For providing an upper limit to the pressure of the selected body fluid, at least one and preferably two openings 20 are provided in the manometer tube, at a selected location above the lower end of the tube and within the chamber 13. The openings are positioned in the manometer tube corresponding to the desired maximum pressure of the body fluid. Thus, fluid reaching the openings cannot continue higher in the manometer tube but overflows through the openings to the space between the manometer tube and the barrel. This sets a maximum or upper limit to the pressure which will be attained by the body fluid. In the illustrated embodiment, two openings are at the same level but on opposite sides on the manometer tube.
When manufactured in sterile conditions, for one-time use only, it may be preferred to have a selection of pressure indicator and regulators available with the openings 20 at different locations, analogous to a glove available in various sizes. With such a selection, the doctor need only select the unit having the predetermined maximum pressure setting desired. For intracranial pressure regulators used with patients suffering from various brain traumas, it has been found that a limiting opening at about 28 cm above the lower end of the manometer tube has worked satisfactorily.
As indicated earlier, however, fluid flowing from the openings 20 normally reaches the bottom of the chamber by flowing down the side of the manometer tube. This liquid flow path leaves a residue adhering to the side of the manometer tube which provides a direct path for the migration of bacteria or other microorganisms into the column of fluid in the manometer, which runs directly from the patient. To isolate bacteria or microorganisms from the column of body fluid within the manometer tube, the drip platform or umbrella 26 is mounted around the manometer tube just below the openings 20. The drip platform extends outwardly from the manometer tube but does not touch the inside surface of the barrel 14. Fluid overflowing through the openings 20 cannot continue down the manometer tube, but is conducted to the peripheral edge of the drip platform, from which it drips or flows directly into the bottom of the chamber, free of any contact with the sides of the manometer tube between the collected liquid in the bottom of the barrel and the drip platform.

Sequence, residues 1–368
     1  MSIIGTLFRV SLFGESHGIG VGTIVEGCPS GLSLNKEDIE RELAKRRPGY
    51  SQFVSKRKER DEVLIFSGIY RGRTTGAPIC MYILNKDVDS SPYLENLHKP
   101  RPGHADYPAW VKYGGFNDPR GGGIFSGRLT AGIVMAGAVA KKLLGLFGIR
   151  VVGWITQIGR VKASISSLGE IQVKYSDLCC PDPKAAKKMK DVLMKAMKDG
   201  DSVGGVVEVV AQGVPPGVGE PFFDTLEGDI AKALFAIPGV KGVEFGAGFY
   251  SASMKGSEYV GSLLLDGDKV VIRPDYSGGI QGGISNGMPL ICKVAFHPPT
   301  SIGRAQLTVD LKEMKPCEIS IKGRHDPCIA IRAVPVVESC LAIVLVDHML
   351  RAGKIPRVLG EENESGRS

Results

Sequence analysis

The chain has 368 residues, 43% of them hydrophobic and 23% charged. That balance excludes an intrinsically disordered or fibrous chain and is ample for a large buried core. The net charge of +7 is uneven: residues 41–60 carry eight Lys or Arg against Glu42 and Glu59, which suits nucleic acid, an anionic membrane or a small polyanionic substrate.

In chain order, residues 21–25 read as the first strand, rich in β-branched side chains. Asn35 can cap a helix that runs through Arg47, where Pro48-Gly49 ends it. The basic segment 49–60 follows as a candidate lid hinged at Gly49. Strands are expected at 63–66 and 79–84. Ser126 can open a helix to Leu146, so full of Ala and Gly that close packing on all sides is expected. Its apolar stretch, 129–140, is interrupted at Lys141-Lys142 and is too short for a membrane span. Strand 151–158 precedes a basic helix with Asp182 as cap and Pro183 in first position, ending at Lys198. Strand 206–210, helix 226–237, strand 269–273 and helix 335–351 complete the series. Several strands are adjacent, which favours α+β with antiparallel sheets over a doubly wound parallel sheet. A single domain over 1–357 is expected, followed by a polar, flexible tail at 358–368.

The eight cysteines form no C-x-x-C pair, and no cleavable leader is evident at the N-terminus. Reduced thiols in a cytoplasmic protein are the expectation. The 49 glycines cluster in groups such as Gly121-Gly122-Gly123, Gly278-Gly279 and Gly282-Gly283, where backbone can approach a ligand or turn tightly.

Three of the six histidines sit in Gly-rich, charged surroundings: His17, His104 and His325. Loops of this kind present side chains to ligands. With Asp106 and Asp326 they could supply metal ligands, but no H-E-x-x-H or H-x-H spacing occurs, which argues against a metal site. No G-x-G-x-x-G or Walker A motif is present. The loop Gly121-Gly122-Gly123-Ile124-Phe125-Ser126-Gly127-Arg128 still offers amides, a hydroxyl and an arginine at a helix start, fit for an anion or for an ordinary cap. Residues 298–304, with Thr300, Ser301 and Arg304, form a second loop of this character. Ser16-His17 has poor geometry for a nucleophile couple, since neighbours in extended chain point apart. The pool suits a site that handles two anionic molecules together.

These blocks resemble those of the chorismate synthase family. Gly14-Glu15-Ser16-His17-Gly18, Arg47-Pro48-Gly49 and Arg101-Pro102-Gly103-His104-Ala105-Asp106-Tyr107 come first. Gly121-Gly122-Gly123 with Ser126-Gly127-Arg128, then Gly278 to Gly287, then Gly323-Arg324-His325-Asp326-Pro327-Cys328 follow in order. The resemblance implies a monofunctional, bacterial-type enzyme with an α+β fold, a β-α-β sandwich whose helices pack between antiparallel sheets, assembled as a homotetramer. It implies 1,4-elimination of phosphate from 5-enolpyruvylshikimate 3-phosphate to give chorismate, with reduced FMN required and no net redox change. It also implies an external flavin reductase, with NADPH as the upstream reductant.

As seen more fully in FIG. 3, the drip platform 26 has a center cylindrical slip-ring 76 with a flat platform 78 formed therewith and extending radially outwardly from the manometer tube. The drip platform is preferably of one-piece plastic, e.g., ABS resin, construction. The slip-ring 76 is sized for a very snug fit along the manometer tube and solvent may be used to provide an extra-tight seal between the drip platform and the manometer tube. The underside of the peripheral edge of the platform has a tapered depending flange 80 which converges downwardly at an acute angle to provide for drop formation and to prevent liquid from flowing along the underside of the platform, other shapes or surface angles may be used. For example, the flat platform surface 78 may be at an obtuse angle, of greater than 90° but less than 180°, with the manometer rather than a right angle as shown in FIG. 3, or it may be curved like an umbrella canopy to conduct fluid downwardly therealong to drip off the peripheral edge. Any of these constructions may be used so long as they conduct the escaping fluid outwardly and permit it to drip or flow into the bottom of the chamber free of contact with the side walls of the manometer tube between the bottom of the chamber and the drip platform.
To convey the body fluid to the manometer 12, flexible plastic tubing 82 extends from the underside of the center port 52 in the lower end cap 18 to a catheter 84 which is inserted into the cavity containing body fluid. The plastic tubing is solvent sealed to the surface of the port 52 and is of sufficient length so that the barrel may be mounted on a vertical standard which need not be located immediately adjacent to the patient.
The particular type of catheter used may vary depending upon the body fluid being monitored, and the cavity in which it is placed. The tubing may terminate with a "Luer" type plug 86 for insertion into the selected of a variety of catheters. For sampling the body fluid or for injecting medicine, an access port 88 is provided into the tubing intermediate of the bottom cap and the catheter 84. The access port may be of ordinary Y-type construction but is preferably constructed in the manner described in pending U.S. Application Ser. No. 706,363, filed July 9, 1976, now U.S. Pat. No. 4,048,995, the contents of which are incorporated by referenced herein.
It can be seen from the description above that in accordance with the present invention a fluid pressure indicator and regulator may be quickly and simply mounted to a vertical standard, such as an I.V. pole, which is readily available at all hospitals. For providing a barrier to the possible contamination of body fluid residing in the manometer tube, a drip platform is provided below the pressure limiting openings to cause escaping fluid to flow into the chamber without contacting the sides of the manometer tube. Thus, there is not a continuous liquid path along the manometer tube for any harmful microorganisms or bacteria to migrate to the openings and into the fluid which communicates directly with the patient. Although this invention has been described in terms of the preferred embodiment, it is also intended to cover any changes or variations which may be made and which come within the following claims.
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|U.S. Classification||600/561, 600/487|